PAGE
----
Development must be inclusive both between and within countries.Failure of sections of the world’s population to benefit from economic development is dangerous politically. Impoverishment of sections of the population and social disintegration has led to terrorist organisations gaining support, andin some cases open warfare, in parts of Africa and the Middle East. Within advanced economies failure of parts of the population to gain from economic growth strengthens protectionist and xenophobic forces which threaten global economic integration and therefore global prosperity.
Success in developing innovative, invigorated, interconnected and inclusive economic growth will therefore lessen geopolitical and social tensions.
China is in an unequalled position to give leadership on this G20 agenda not only theoretically but due to China’s practical achievements in dealing both with the international financial crisis and over the longer term.From 2007, the last year before the financial crisis, to 2015 China accounted for 46% of world growth measured at current exchange rates – compared to 22% for the second placed US.China was the world economy’s most powerful engine to face the international financial crisis, benefitting both advanced and developing economies.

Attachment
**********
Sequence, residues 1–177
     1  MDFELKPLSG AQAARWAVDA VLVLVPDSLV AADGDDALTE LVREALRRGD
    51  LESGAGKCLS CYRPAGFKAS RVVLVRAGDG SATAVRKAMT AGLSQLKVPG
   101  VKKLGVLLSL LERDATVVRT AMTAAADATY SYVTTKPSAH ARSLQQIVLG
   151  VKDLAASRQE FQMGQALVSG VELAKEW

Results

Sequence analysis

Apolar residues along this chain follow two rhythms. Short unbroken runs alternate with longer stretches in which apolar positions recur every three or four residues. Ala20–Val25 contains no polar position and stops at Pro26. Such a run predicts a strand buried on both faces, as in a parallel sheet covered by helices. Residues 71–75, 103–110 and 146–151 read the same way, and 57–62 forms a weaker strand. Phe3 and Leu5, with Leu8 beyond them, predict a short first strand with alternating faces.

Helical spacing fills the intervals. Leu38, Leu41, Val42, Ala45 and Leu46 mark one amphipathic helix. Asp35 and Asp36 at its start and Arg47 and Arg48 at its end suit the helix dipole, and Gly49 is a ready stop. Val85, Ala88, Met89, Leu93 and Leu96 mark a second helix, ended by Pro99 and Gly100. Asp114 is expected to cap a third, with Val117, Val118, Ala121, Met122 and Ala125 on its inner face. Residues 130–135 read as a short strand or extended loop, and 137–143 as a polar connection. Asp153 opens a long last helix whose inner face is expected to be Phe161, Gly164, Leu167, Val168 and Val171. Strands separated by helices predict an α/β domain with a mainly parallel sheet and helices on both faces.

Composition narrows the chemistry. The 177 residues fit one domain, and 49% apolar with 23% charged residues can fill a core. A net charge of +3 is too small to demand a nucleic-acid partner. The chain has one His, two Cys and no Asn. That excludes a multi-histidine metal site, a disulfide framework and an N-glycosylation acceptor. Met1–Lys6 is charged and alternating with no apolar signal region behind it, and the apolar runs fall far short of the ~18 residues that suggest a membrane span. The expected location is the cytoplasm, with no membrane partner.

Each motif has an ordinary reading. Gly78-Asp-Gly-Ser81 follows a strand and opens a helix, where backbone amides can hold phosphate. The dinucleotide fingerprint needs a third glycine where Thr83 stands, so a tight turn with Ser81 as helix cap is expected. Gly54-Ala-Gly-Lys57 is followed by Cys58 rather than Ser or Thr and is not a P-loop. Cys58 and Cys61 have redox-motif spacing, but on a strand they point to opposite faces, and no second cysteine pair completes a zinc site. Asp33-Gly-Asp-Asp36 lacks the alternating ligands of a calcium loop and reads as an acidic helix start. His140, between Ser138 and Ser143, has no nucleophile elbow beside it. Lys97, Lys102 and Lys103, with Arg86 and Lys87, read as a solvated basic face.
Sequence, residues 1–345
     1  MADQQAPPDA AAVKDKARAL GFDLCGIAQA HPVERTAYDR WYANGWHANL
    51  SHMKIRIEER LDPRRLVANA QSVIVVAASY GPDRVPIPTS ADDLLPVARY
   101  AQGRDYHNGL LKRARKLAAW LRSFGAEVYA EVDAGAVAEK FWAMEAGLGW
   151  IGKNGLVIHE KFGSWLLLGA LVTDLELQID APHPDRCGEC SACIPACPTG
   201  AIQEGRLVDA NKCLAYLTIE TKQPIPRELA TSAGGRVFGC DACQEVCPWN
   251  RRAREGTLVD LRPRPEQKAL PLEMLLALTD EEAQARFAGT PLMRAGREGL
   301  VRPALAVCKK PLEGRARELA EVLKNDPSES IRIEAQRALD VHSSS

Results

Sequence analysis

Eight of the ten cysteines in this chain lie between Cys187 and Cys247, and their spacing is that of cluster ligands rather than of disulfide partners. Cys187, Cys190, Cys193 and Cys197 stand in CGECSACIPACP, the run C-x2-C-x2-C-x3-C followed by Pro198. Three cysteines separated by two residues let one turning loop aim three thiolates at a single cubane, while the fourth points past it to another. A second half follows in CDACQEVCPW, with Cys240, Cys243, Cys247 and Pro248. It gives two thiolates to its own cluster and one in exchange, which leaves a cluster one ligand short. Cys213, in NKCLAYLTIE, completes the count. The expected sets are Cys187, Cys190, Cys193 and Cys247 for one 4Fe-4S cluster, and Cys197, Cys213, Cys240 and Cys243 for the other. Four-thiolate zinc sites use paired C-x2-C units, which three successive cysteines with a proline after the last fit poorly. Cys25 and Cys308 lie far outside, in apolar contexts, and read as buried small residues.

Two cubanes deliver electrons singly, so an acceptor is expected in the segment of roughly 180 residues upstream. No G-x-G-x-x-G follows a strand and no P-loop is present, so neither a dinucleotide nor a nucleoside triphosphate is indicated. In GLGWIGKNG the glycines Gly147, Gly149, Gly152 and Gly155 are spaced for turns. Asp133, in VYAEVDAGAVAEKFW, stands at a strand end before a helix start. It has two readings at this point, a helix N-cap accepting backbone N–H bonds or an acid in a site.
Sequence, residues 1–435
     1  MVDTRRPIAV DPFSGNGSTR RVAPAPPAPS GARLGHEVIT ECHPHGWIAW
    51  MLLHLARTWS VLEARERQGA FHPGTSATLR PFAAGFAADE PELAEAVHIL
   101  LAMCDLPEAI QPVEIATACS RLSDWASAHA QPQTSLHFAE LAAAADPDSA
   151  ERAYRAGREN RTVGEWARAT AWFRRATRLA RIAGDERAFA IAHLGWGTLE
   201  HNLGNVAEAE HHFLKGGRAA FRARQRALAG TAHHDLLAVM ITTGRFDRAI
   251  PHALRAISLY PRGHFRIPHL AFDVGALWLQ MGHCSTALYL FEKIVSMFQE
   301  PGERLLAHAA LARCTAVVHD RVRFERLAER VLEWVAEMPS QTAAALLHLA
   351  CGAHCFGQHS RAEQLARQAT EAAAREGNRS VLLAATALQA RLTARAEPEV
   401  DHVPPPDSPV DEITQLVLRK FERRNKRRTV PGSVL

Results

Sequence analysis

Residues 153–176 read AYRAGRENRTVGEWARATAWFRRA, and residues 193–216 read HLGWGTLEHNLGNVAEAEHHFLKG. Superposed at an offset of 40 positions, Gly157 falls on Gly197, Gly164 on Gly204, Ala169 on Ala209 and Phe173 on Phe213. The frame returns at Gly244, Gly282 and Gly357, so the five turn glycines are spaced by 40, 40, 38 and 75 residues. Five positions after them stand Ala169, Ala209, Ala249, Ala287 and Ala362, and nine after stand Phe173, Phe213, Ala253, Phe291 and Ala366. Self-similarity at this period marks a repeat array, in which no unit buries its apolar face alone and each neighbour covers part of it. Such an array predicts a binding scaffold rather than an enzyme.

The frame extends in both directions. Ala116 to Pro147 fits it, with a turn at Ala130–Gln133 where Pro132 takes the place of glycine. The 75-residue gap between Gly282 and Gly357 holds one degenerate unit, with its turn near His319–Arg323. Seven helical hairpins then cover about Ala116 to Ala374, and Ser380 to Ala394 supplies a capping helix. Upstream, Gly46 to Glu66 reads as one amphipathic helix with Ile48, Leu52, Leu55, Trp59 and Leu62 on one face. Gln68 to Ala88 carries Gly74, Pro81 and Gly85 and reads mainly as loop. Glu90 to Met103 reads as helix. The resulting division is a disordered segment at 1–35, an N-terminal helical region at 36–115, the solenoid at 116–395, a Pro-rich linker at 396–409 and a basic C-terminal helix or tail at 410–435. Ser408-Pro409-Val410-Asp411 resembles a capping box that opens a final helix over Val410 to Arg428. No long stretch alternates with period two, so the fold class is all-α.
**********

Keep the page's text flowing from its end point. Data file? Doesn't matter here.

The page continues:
World Bank data shows 83% of the world’s population still lives in developing countries. Economic development therefore remains the most pressing issue facing humanity. China, the world’s largest developing economy, increased its per capita GDP, the fundamental index of economic development, from 2007 to 2015 by 86% – the fastest of any G20 country.
China playsa key G20 agenda setting role because, in addition to these shorter term anti-crisis trends, China’s historical economic and social achievements are unprecedented.From 1978 onwards China experienced the most rapid economic growth in a major economy in human history. China lifted 728 million people from World Bank defined poverty, 83% of the reduction of those living in poverty in the world. This is greatest contribution of any country to human well-being.
But despite these achievements China’s stress on integrated inclusive growth means China has no conception it can successfully develop alone. Instead China advocates strengthening the G20’s role. G20 economies account for 85% of world GDP, including the largest advanced and developing economies. The G20 is therefore provides an unequalled forum to coordinate measures to deal with the world’s most pressing economic issues.
China’s proposals for an innovative, invigorated, interconnected and inclusive economy are therefore crucial not only for this year’s Hangzhou summit but a step towards the G20s strategic development.
By John Ross (People’s Daily Online)
John Ross is Senior Fellow at Chongyang Institute for Financial Studies, Renmin University of China.
G20 can unlock global economic potential
The 2016 G20 Hangzhou summit will kick off on Sunday and a related meeting, the Business 20, will be held this weekend. As China is the chair of this year’s G20, expectations are running high though some still try to interpret the event through an ideological lens. But the fact that the global governance capability will be mobilized to its maximal extent at this year’s summit may be a common consensus.